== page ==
Most hotels provide restaurant booking service for their guests. However, since my entire budget went to food and hot spring hotel in Hakone, the hotel in Tokyo that I stayed at was not so glamorous, perhaps explains why they never replied my emails requesting for assistance in dinner reservation. Either way, you get the points: book early (preferable at least one month in advance), keep calling, and credit card number handy.



Sushi Aoki has been receiving the honor of one Michelin star for 4 consecutive years, but most importantly, they seem pretty nice to tourists. Located on the second floor of Takahashi Building, the chefs welcomed us and our hot towels followed shortly.



5:30 p.m. is pretty early for such formal dining experience. Other guests didn't show up until about an hour later, which gave me an opportunity to quickly snap a shot of the seating area.



I did asked the chef before I bust out my iPhone 5S to take pictures. Flash light and silent mode course. In addition, I didn't even bring my huge Canon thinking it might look too intruding to other customers. Consideration is key and I'd rather be safe than sorry.  



Edomae 江戶前 sushi (edomae-zushi) typically can be seen as a more traditional styled sushi. You won't find other ingredients such as caviar or even a gold leaf being used. The true flavors of the ingredients are the key emphasis here with occasionally light seasonings from homemade soy sauce based dressing and salt. Keeping it fresh and simple, in other words, let the seafood speaks for themselves. 

The opening, little crab box -



Lightly seasoned with miso, perhaps a little bit of sake and mirin too. Underneath the neat looking crab legs are even more crab meat mixed with crab roes. 



Sake arrived - 



We asked the chef to pick the one he likes the most. It was crisp and clean, ideal for our light seafood feast coming ahead.

Sashimi, but I think what interests me the most is the use of thinly sliced shiso leaves mixed with radish strips -



The aroma from the shiso leaves is not overpowering, but in the other hand bright enough to showcase the crisp and light characteristics of the sashimi selection. 

One of the clam selections of the night -



At least half of our meal consists of some type of clams/shellfish, mainly because they're in season now. If I get to choose, I would love to have more fish than shellfish. However, this dining experience sort of changed my perception on shellfish. I never realized they can be so buttery and some even melts in my mouth just like a very fatty fish.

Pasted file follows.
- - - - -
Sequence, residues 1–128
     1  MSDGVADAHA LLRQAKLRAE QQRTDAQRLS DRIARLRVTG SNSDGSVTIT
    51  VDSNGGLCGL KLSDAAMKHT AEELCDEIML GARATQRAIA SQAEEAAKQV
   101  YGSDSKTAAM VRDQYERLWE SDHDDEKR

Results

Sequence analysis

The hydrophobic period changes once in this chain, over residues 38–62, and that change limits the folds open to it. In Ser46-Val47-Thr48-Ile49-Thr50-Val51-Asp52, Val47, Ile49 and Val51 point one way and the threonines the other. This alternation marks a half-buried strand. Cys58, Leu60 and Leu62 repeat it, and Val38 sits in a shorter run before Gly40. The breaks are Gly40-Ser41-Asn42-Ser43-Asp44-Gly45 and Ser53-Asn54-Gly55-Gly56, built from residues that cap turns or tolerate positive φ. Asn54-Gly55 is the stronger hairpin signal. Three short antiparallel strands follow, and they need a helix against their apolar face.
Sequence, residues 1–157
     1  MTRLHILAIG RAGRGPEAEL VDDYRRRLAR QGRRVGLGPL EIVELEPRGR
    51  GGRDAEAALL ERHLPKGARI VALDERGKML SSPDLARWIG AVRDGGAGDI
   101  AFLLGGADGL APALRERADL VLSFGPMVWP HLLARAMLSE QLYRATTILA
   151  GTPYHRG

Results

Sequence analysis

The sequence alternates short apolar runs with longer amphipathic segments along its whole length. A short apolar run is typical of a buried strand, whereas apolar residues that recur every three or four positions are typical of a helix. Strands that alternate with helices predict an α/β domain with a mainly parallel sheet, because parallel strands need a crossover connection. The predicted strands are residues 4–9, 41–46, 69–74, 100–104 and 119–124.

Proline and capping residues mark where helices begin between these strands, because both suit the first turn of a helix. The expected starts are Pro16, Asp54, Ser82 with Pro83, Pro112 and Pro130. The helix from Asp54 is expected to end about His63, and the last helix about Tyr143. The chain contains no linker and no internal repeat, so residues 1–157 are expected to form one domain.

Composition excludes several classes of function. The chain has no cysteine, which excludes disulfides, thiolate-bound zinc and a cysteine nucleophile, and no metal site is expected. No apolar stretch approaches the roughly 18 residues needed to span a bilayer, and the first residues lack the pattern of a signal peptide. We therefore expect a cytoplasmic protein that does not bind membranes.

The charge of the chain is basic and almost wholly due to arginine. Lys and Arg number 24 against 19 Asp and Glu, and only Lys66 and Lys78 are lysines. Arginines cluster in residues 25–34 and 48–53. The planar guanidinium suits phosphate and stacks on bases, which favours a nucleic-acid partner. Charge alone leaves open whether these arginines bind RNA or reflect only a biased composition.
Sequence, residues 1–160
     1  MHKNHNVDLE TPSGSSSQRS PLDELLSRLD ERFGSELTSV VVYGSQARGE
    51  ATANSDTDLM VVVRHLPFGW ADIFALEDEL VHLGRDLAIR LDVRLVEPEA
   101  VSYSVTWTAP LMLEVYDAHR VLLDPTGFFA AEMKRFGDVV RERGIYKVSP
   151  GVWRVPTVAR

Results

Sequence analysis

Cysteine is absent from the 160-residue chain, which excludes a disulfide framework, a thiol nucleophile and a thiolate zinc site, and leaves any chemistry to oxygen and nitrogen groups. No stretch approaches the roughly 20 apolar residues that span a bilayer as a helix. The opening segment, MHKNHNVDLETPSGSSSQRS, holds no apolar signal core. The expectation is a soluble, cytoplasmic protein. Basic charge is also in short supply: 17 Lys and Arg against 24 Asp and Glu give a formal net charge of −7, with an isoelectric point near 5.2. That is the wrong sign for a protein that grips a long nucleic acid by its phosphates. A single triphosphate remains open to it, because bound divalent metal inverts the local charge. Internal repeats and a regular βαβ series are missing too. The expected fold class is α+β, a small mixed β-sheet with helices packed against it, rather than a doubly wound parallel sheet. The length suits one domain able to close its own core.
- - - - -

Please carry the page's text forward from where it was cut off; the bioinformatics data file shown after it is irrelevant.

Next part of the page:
This one was crisp and crunchy with a slightly sweet taste in the end. 

Saba/mackerel - 



My sake is almost gone, switching gear to water in order to stay fully awake throughout this dining experience.



Oysters - 



They literally just glided down my throat. Slightly chilled with a wee bit buttery taste. The flavor remains clean even when I tried to bite into the oysters. For such high quality oysters, making them into dishes like the common oyster shooter back in the states would be such a waste. 

Taco/octopus -



Chef brought the octopus in front of me and asked if I would like to take a picture first. Yes, of course, thank you!

Prep work - 



Chef brushed the octopus with Aoki's homemade soy sauce based seasoning - 



Tender but not mushy since it still has a biting little resistance in the end. This dish might seem easy, but in fact, the octopus requires hours of massage by hands in order for the tentacles to reach a perfect texture.

Shellfish skewer - 



Lightly barbecued so the sweetness is even more intense here. There's also a hint of smokiness, which makes a good contrast with the light and crisp shellfish.

New hot hand towel -



Pickled ginger - 



To die for. A little bit crunchy and not fibrous at all. All you get is a touch of sourness and a juicy bite bursting in your mouth. Hands down my favorite pickled ginger ever had. How much I wish I can bring a big jar home and enjoy it with all other Asian dishes. It'll be awesome with curry and pork chop rice, it's just that versatile!